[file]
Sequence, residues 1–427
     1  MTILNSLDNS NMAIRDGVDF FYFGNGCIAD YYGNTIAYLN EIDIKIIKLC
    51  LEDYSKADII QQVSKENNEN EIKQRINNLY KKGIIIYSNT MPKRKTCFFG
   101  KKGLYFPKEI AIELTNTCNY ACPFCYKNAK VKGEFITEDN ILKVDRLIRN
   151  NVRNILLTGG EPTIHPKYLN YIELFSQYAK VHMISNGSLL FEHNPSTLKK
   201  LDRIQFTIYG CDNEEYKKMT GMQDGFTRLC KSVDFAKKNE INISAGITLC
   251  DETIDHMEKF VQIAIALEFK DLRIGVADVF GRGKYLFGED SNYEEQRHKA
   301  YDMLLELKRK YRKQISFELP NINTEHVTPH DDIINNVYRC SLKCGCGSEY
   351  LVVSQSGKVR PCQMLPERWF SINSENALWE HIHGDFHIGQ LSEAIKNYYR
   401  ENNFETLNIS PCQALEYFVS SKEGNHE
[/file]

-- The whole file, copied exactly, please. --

Sequence, residues 1–427
     1  MTILNSLDNS NMAIRDGVDF FYFGNGCIAD YYGNTIAYLN EIDIKIIKLC
    51  LEDYSKADII QQVSKENNEN EIKQRINNLY KKGIIIYSNT MPKRKTCFFG
   101  KKGLYFPKEI AIELTNTCNY ACPFCYKNAK VKGEFITEDN ILKVDRLIRN
   151  NVRNILLTGG EPTIHPKYLN YIELFSQYAK VHMISNGSLL FEHNPSTLKK
   201  LDRIQFTIYG CDNEEYKKMT GMQDGFTRLC KSVDFAKKNE INISAGITLC
   251  DETIDHMEKF VQIAIALEFK DLRIGVADVF GRGKYLFGED SNYEEQRHKA
   301  YDMLLELKRK YRKQISFELP NINTEHVTPH DDIINNVYRC SLKCGCGSEY
   351  LVVSQSGKVR PCQMLPERWF SINSENALWE HIHGDFHIGQ LSEAIKNYYR
   401  ENNFETLNIS PCQALEYFVS SKEGNHE